Health and wellness briefs: March 14, 2017

2 doctors switch locations

John Bratteli, MD, will soon see his patients at Red Canyon Family Medicine, a division of Primary Care Partners in Fruita. Bratteli has practiced at Family Physicians of Western Colorado, also a PCP division, for more than 10 years.

Lynn Price, MD, will move from Red Canyon Family Medicine and will join Family Physicians of Western Colorado. Dr. Price joined the Fruita practice earlier this year.

Both transitions will take place later this month.

Family practice announced

  Family Values Medical Clinic, 2478 Patterson Road, Suite 27, announced it is accepting new patients and accepts most major insurance.

Dr. Jeri White is a doctor of osteopathic medicine, or DO. What is that? A DO is a fully licensed physician who practices in all areas of medicine. They use a whole-person approach to treatment and care.

She is a board-certified family physician and has been practicing medicine for 20 years. She also has a master’s degree in health professions education and has practiced in a variety of settings, including emergency care, urgent care, geriatric care and family practice.

Also added is Charlotte Chance, FNP, a board-certified family nurse practitioner through the American Nurses Credentialing Center and a member of American Nurses Association.

She received both her bachelor’s degree from Colorado Christian University and a master’s degree in Nursing from University of Colorado at Colorado Springs.

Whole milk may beat low-fat


Low-fat milk may not be the best option for children, though many experts recommend it to fight obesity for children older than 2.

Canadian researchers collected height and weight data on 2,745 healthy children ages 1 to 6 years. They took blood samples, and their parents reported how much skim, 1 percent, 2 percent and whole milk the children drank.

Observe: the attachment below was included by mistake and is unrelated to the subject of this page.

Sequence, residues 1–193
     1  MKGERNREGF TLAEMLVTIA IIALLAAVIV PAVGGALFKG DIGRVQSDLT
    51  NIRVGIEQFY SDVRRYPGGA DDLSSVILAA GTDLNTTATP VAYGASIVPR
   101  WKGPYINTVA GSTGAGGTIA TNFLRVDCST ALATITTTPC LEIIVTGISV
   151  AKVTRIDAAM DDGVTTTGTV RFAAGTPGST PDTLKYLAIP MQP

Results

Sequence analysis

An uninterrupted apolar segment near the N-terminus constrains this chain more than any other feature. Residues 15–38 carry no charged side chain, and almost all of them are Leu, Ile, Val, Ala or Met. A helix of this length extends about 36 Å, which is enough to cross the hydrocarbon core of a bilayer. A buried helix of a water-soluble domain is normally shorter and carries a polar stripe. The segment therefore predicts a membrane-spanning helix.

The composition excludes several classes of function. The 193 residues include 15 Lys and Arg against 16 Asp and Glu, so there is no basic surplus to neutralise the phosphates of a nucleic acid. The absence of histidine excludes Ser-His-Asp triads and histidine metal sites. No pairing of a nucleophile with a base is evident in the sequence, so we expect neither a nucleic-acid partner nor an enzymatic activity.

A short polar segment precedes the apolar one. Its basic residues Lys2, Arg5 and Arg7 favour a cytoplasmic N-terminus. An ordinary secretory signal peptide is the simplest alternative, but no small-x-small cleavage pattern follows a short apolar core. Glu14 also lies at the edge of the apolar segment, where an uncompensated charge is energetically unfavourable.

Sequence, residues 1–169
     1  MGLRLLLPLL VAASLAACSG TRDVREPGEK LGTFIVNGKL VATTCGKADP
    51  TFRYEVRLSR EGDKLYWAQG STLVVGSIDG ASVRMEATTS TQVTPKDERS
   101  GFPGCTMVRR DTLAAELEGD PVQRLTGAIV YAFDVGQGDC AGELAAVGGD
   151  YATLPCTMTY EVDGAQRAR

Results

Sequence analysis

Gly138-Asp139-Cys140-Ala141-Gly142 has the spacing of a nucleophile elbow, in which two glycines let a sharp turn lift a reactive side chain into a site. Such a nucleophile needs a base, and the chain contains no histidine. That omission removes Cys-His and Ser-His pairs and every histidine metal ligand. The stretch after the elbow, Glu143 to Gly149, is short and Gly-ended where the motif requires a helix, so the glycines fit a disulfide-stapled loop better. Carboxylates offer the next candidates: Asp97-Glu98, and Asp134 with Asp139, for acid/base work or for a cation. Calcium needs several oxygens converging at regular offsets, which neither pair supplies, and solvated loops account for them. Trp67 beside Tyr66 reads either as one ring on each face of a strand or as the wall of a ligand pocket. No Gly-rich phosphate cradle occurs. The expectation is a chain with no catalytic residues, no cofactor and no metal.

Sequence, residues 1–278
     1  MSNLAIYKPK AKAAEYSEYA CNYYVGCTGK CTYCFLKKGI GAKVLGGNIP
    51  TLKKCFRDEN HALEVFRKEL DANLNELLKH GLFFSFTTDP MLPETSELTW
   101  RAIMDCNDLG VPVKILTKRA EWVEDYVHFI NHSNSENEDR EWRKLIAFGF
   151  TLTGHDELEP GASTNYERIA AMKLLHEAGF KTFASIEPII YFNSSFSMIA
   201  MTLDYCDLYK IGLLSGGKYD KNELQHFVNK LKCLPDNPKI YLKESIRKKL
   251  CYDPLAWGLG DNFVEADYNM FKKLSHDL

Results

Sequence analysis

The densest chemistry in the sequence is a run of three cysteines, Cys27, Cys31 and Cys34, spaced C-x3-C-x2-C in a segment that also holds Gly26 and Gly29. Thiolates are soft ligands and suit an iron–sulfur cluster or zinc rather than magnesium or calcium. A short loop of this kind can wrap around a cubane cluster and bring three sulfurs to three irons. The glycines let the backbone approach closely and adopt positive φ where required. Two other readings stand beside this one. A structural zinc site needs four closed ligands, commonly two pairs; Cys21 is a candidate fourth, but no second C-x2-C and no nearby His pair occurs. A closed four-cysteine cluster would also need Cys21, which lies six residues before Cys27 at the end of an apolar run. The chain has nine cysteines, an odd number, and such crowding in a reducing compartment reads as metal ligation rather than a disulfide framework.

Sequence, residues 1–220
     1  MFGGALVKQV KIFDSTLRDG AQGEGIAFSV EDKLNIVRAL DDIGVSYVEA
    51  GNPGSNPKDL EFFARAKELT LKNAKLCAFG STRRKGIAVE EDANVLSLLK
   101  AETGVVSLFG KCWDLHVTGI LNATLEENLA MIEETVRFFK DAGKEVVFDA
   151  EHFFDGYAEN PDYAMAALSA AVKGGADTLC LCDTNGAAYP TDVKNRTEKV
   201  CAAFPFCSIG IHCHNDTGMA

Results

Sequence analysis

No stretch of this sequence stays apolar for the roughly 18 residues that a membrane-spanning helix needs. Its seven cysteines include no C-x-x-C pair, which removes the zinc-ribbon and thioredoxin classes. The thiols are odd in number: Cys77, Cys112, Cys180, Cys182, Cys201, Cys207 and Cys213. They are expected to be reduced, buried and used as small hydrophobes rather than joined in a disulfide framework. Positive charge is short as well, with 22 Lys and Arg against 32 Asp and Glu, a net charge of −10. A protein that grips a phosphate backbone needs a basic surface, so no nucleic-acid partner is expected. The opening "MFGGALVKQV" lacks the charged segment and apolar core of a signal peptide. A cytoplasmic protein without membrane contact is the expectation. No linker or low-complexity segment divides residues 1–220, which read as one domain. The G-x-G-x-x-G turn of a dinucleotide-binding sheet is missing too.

After controlling for age, sex, outdoor play and other factors that affect vitamin D levels and weight, they found that children who drank one cup of whole milk per day had a vitamin D level comparable to that of children who drank 2.9 cups of 1 percent milk, but their body mass index was lower by 0.79 points. The higher the fat content of the milk they drank, the lower the children’s BMI and the higher their vitamin D levels. The study is in the American Journal of Clinical Nutrition.

Why this happens is unknown, but the senior author, Dr. Jonathon L. Maguire, an associate professor of pediatrics at the University of Toronto, suggested that vitamin D is better absorbed with fat, and drinking low-fat milk may leave a child hungrier for more calorie-dense food.

“These two things together may make it a double whammy for low-fat milk,” he said. “But this is a small piece of the puzzle. We really need to do the research to answer these very basic questions.”

150 cancer patients treated


Grand Valley Oncology celebrated the one-year anniversary of Community Hospital’s radiation oncology program March 7. In partnership with the University of Utah Health Care and Huntsman Cancer Institute, Community Hospital began providing radiation oncology treatment for cancer patients in western Colorado and eastern Utah in March 2016.

Since that time, hospital officials say, the radiation oncology team at Grand Valley Oncology has treated more than 150 cancer patients.

“Community Hospital’s oncology program has become a highly sought after, full-service cancer center, offering both medical and radiation oncology services and attracting patients from all over the region,” the hospital said in a release.

For information about Grand Valley Oncology, call 254-3180 or go online at


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